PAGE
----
Once again, I’ll pause to say that I’m not looking for support or reassurance here. I’m not saying that I’m hurt or upset — those reviews were published ages ago, and they are what they are. But the contrast in critical responses to books that are, to my mind, of very similar quality, just brings home to me the wisdom of something that we’ve discussed here before: no matter how good something we write might be, we will never please all of our readers. My very first book, Children of Amarid, had this said about it by Kirkus Reviews: “This hardworking if glum and unambitious debut might just — but only just — keep a nostril above the flood of mediocre fantasy currently sloshing about.” Yes, I can recall that one from memory, mostly because it might be the best backhanded compliment I’ve ever seen in any review. (And, of course, Tor used the phrase “Above the flood of mediocre fantasy currently sloshing about…” on one of my promos!) Library Journal, on the other hand, called it “elegantly written.” Same book, different reviewers. When Neil Gaiman’s American Gods came out in 2001, it was a huge success, critically and commercially. It won several awards and got terrific reviews. And I have to say that I love the book. I know many professional writers, whose work and opinions I respect, who hate it.
There are bestsellers out there that have been panned critically, and brilliant books that received broad critical acclaim that didn’t sell at all. There are books that receive tons of 5 star reviews on Amazon, and that also receive lots of one and two star reviews.
So what are we to do with this information? Not as readers — we can figure out what we like to read and what we don’t; I don’t need a reviewer for that. I mean as writers. What do we do with all the divergent feedback we receive on our work? In fact, never mind reviewers — what do we do when two of our beta readers hate our latest draft and two others love it? How do we deal with criticism and praise when all of that feedback is inherently subjective? I have a manuscript that I’ve just completed, and I need critical feedback on it. I know, though, that I can find people who will love it, and I can find those who will hate it. Does that mean that the feedback I receive is useless?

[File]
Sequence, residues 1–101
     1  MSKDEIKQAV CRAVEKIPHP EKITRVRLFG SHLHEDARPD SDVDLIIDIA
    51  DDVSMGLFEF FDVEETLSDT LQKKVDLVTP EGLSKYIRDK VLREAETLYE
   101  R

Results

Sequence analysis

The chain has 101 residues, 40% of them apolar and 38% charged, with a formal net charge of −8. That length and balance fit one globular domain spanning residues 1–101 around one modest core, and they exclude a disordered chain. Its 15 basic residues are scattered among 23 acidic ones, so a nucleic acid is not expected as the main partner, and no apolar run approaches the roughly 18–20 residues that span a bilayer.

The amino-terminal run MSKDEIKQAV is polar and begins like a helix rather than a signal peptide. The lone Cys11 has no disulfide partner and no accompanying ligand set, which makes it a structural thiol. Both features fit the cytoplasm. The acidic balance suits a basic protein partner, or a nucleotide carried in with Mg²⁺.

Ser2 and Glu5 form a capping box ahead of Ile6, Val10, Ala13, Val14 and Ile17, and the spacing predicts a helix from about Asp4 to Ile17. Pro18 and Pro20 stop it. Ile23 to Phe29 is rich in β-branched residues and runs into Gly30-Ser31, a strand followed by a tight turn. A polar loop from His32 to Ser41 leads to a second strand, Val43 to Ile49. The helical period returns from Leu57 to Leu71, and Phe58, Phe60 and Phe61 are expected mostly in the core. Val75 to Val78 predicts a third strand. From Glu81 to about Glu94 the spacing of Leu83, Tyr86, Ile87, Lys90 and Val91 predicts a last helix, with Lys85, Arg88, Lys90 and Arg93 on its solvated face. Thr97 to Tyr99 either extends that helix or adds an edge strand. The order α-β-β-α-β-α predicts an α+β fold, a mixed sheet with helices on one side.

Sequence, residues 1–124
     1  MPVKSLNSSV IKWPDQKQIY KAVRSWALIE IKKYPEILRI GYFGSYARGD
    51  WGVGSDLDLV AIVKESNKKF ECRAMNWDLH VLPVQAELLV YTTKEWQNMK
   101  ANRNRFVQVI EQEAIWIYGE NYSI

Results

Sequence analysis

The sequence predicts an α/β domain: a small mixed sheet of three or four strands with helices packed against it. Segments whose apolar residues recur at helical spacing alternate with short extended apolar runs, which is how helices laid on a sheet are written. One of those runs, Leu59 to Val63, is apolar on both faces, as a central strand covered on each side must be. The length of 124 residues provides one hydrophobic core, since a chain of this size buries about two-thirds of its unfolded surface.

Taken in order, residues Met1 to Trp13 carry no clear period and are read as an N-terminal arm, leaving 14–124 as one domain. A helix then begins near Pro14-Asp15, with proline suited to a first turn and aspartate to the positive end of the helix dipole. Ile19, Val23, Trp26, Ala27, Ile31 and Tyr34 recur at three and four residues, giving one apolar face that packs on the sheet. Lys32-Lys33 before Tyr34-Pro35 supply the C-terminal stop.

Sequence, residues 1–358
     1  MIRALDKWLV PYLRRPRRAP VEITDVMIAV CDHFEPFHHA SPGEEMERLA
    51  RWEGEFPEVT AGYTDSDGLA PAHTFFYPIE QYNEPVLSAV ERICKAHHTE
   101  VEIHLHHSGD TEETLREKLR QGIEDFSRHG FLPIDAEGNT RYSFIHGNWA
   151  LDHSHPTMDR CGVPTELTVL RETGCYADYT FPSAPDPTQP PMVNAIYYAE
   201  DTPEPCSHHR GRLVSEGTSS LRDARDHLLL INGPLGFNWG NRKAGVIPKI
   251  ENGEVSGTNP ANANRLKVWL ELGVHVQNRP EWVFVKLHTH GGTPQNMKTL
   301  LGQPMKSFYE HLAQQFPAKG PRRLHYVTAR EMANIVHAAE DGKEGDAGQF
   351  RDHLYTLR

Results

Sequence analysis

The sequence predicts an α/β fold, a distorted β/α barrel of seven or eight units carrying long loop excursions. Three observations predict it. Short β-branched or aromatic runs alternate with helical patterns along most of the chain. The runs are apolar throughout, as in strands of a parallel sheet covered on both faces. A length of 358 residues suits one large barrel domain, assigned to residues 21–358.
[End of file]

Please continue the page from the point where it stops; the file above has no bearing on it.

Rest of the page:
No. And this is where the difference between criticism and critque comes in. Reviews serve their purpose in the publishing world. It’s not just about getting a good review or a bad one. Every writer in the business will tell you that they would rather receive a bad review from Kirkus or Publisher’s Weekly than no review at all. The review itself is free publicity, and for every published review that pans a book there will usually be another that offers some praise. That’s the nature of the business. That’s why once we’re published, we can’t worry too much about one bad review or take too much pleasure in one good one. Again, you can’t please everyone.